Can’t be any worse than Date Movie. Paul Rudd, Amy Poehler, Cobie Smulders, Christopher Meloni and Ed Helms star in They Came Together.
Cast of Characters:
Joel – Paul Rudd
Molly – Amy Poehler
Tiffany – Cobie Smulders
Roland – Christopher Meloni
Jake – Max Greenfield
Kyle – Bill Hader
Karen – Ellie Kemper
Bob – Jason Mantzoukas
Brenda – Melanie Lynskey
Eggbert – Ed Helms
Director – David Wain
Screenplay – Michael Showalter & David Wain
Producer – Michael Showalter
Rated R for language and sexual content
Joel (Paul Rudd) is an exec for a big corporate candy company. Molly (Amy Poehler) runs a quirky little candy shop of her own that Joel’s company wants to shut down. After Joel’s girlfriend Tiffany (Cobie Smulders) cheats on him, his friend and co-worker Bob (Jason Mantzoukas) and his wife Brenda (Melanie Lynskey) – Molly’s friend – are gonna set Joel and Molly up together at their costume party. However, after a horrible first impression with each other, it’s hate at first sight.
Amazingly, though, they take a liking to each other and eventually fall in love. Of course, what follows is the eventual break up, the ex-girlfriend rebound and then the last-minute running back to each other.
I believe chick flicks to be the scourge of cinema, but when I first heard of the highly suggestive They Came Together – a parody of chick flicks – I wasn’t entirely on board at first. See, they tried to a rom-com spoof before. It was called Date Movie and it sucked. That said, this isn’t Date Movie, nor is it made by the guys who created Dated Movie.
Here, we get the “meet-cute”. You know, where the two leads meet for the first time and they immediately can’t stand the sight of each other, and the situation’s made even worse when she finds out his company’s after hers, or she’s competing against him for that big account, or they’re put together by the boss on a project. Then they’re practically in love by the next time they meet.
Or there’s the eclectic team of friends the male lead has that get together for a pickup game of basketball and talk about relationships while they do so (Along Came Polly, Made of Honor). Of course, the friends are made up of the perpetually single guy that just wants to get laid, the sensitive caring guy, the committed married man and the male lead’s best friend, with the male lead representing all of their respective characteristics.
And how can we forget the ex-girlfriend who comes back to her former love to rebound with him, but the new girlfriend shows up at the wrong place and wrong time and there’s this gigantic misunderstanding, and everyone’s sad, which leads to a heartfelt song playing in the background. Or the climatic last-minute dash to claim his true love before she gets away (at the altar during the wedding or airport terminals are the destinations of choice).
Brought to you by co-writer/director David Wain and writer Michael Showalter – two of the three members of the comedy troupe Stella (third member Michael Ian Black costars here) – They Came Together isn’t spoofing a specific chick flick (parallels to You’ve Got Mail are noticeable though), but is more a lampooning of the genre as a whole. As always, with any type of spoof, certain jokes stick more than others. Some jokes here play up the fact that they’re parodying a chick flick trope a bit more obviously than they need to be, but Wain and Showalter’s script is, more often than not, smarter than it appears, and Wain captures the tone and formula of the chick flick, with all their tropes and contrivances, just right.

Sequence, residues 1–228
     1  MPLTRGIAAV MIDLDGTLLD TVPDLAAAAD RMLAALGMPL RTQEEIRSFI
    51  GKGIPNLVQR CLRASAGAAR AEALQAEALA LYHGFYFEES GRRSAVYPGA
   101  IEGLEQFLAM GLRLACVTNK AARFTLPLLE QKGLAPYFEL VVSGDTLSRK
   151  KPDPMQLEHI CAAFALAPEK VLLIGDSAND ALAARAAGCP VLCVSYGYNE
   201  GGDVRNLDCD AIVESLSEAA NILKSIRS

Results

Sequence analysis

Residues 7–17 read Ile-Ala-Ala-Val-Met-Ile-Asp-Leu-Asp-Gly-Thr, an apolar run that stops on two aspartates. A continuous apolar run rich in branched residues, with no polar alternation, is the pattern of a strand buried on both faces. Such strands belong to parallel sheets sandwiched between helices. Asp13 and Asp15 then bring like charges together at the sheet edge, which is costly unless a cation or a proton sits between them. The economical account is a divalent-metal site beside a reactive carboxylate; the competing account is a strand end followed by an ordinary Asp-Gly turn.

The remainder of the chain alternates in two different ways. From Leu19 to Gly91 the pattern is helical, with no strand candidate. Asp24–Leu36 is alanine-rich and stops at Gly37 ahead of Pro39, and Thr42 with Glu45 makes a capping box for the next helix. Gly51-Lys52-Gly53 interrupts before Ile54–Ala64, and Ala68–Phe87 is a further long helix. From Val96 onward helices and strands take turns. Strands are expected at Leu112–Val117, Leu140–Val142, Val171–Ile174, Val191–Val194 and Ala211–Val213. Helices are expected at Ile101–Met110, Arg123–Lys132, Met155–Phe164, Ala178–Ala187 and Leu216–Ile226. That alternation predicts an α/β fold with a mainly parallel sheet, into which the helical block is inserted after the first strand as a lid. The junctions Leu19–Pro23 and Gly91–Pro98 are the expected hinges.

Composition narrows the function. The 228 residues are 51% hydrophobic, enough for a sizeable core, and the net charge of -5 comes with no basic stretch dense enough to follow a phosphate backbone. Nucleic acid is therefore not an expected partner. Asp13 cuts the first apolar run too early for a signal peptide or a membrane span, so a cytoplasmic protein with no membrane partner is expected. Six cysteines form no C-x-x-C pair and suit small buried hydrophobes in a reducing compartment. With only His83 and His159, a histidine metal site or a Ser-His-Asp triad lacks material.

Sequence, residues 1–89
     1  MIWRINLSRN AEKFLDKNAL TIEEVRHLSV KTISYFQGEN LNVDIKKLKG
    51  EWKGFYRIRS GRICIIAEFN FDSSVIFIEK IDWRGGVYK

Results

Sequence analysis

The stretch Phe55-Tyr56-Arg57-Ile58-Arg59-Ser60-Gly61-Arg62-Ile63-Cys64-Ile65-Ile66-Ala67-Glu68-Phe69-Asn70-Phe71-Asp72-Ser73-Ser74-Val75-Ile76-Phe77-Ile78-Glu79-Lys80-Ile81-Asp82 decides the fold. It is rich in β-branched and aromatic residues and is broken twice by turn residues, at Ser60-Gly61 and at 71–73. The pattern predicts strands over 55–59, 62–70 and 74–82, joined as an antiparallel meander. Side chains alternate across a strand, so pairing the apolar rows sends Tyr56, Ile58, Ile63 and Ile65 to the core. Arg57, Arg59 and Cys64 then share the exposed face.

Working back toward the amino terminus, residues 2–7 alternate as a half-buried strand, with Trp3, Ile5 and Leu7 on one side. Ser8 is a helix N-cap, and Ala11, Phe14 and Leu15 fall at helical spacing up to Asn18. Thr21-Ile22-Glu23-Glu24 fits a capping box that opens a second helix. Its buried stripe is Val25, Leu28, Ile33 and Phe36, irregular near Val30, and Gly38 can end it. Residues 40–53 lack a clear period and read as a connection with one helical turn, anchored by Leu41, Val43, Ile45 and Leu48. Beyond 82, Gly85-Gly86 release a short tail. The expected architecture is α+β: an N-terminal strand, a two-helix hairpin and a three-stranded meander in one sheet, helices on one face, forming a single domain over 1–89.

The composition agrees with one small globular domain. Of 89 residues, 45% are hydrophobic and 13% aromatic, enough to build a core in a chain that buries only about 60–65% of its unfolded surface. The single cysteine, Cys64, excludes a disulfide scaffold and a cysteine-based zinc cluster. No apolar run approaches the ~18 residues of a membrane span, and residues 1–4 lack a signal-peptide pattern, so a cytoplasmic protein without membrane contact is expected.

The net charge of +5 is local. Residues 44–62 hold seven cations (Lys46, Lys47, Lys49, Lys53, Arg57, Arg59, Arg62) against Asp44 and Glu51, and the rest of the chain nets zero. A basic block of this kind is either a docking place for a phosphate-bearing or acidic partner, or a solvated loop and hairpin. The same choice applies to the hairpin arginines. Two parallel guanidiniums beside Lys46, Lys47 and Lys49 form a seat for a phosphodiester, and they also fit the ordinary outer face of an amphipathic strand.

One of the better moments within the film comes from a hipster music video parody (the obligatory mid-film song montage with the couple acting cute together) that took a few unexpected yet effective turns with where it went and the cameos that popped up.
I guess what I’m trying to say is that They Came Together could be the best chick flick I’ve ever seen. That says more about the other films, though, than this one.
Paul Rudd and Amy Poehler are two of the most charming comedic presences that we have today. Rudd has a sly wit to him where he can pull off these types of roles in his sleep, and Poehler has an instant likeability that fits comfortably into the cute clutz role, and is able to do so while winking at the camera. Bill Hader and Ellie Kemper have great comedic timing together opposite Rudd and Poehler. Christopher Meloni, Cobie Smulders, Ed Helms and Michael Ian Black also turn in some dependable laughs as the various rom-com caricatures they’re portraying, and there are two funny cameos toward the end that you’d never expect to appear in a film like this.
They Came Together isn’t Airplane! or The Naked Gun series by any means, but considering how horrible the spoof genre has been for more than 10 years, it’s a definite upgrade over what we’ve been getting. Paul Rudd and Amy Poehler have solid chemistry together, and although David Wain and Michael Showalter’s style of absurd (ranging from subtle to flat out obvious) comedy is not for everyone, and not all the jokes work, Wain’s “deliberately terrible romantic comedy” still comes with laughs a-plenty.
Good luck to all the serious chick flicks following this with a straight face.
I give They Came Together a B (★★★).